The Rolex Submariner is a watch we talk about a lot, and for good reason. It’s the watch that most watches are compared to. But that can be a good thing and a bad thing. And to paraphrase Shakespeare, “Heavy is the head that wears the crown.” I just had to make that pun. Rolex is generally slow to update it’s watches, and in some cases, it can seem like a watch becomes outdated, especially with the amount of scrutiny the brand receives. And then year after year, without fail, fans and collectors start to speculate on what new watches Rolex will release.
It’s about that time of the year when the Baselworld predictions begin to fly, and we’re putting our money on an updated Submariner. But, before a newer model is potentially introduced we figured we’d take a minute and look at the current Submariner reference and compare it with its previous generation and maybe use history to predict the future.
The “Modern” Submariner | The Rolex 16610
When Rolex released the previous generation Submariner the 16610 in 1989 it was a massive update. The new 16610 had the caliber 3135, a sapphire crystal, a black gloss dial with white gold indices, and a new stainless steel called 904L. This was a pretty impressive spec sheet and though some of the updates had trickled into the Submariner over the previous years it was finally in a complete package. A truly modern dive watch for its time. And over the years, in Rolex fashion, slow improvements were made. In 1998 the luminescence changed from tritium to Luminova and then seemingly overnight to SuperLuminova, and in 2001 the bracelet gained solid end links. Then in 2003 the model number changed to the 16610T or transition, referring to the non-pierced lugs. The small updates continued like the engraved rehaut on the chapter ring and the laser etched cornet on the crystal.
The Rolex Submariner 116610 | The Supercase
And then in 2008 we saw our first glimpse of the new Submariner in the reference 116619, the solid white gold version. 2 years later, in 2010, we finally saw the 116610. The new stainless-steel Submariner had arrived. First and foremost, the 116610 retained the caliber 3135, so mechanical performance was the same, but the changes were not small. The case was beefed up with thicker lugs and thicker crown guards. They added a new ceramic bezel, and also thicker indices and hands calling it a maxi dial. The luminescence changed again to a new proprietary material called Chromalight that glowed blue instead of green. The watch also received a completely redesigned bracelet. Along with the solid end links the bracelet now had completely solid center links and a new milled clasp with an easy adjust design called the Glidelock. The 116610 made the Submariner, once again, feel like a modern dive watch.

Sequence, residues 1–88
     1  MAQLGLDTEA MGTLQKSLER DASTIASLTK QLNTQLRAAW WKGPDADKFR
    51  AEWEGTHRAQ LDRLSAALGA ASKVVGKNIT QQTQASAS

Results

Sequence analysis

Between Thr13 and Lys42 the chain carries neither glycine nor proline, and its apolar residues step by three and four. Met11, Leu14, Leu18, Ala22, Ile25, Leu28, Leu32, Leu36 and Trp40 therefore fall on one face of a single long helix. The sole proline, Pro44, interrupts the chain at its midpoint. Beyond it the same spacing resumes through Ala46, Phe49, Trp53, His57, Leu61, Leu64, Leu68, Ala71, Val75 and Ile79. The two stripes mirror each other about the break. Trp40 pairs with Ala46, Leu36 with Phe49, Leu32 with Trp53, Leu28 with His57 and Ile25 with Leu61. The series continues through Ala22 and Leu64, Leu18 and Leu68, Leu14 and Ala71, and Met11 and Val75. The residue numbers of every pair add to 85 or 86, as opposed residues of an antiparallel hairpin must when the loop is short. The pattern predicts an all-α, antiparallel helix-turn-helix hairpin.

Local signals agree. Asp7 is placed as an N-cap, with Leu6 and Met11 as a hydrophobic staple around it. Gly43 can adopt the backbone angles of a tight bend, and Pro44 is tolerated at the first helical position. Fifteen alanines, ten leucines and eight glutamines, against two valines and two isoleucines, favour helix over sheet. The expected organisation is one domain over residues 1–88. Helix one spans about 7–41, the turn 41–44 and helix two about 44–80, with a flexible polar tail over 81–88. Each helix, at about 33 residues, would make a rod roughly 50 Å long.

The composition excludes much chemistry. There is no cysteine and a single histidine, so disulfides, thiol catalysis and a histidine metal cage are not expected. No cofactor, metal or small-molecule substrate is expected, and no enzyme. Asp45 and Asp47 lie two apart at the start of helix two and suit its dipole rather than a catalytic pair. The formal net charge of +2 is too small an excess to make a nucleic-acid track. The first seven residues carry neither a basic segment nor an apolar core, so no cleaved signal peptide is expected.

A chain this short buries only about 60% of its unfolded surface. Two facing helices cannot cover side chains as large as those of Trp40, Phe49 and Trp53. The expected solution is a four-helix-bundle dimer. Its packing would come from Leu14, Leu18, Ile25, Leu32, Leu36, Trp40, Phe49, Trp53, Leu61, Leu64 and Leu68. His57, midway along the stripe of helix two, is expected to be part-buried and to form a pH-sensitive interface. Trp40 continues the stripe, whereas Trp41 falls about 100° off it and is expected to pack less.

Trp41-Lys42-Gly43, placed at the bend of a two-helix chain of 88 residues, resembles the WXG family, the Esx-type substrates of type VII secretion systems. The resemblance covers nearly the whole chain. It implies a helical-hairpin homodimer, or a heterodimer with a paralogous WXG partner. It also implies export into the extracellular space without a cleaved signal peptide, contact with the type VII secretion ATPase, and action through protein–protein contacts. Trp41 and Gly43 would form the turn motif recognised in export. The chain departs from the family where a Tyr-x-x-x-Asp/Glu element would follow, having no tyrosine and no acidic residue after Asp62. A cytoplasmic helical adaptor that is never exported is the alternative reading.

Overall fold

Sub vs. Sub
Now the debate on which reference is better is tough because it really does come down to preference. The 16610 definitely felt outdated by 2010, but it’s no slouch of a watch. Its “rattlely” bracelet, trim case design, and aluminum bezel harken back to the Submariners of old, but beside the newer 116610 it does feel dated. If there were one word to describe the new Submariner, it would be impressive.
Our 2020 Baselworld Prediction
It took Rolex 21 years to update the Submariner, and even though it’s only been nine years since its most recent update there is some speculation that will see a new one soon. And, it’s definitely got us thinking. Will we see the new Sub in precious metal first? Is the 116610 really outdated? Will we see the end of the caliber 3135? What if Rolex thinned up the case, went back to a matte dial, and tried a matte ceramic bezel?! Now we’ve seen redesigned cases from Rolex in recent years, and some of the newer Yachtmasters do have matte dials, and Tudor does produce a matte ceramic bezel. Of course, this is all just speculation, but it’s fun to dream, and you know that watch would have a wait list years long. Let us know which Sub you like and what you think Rolex may release next and thanks for watching.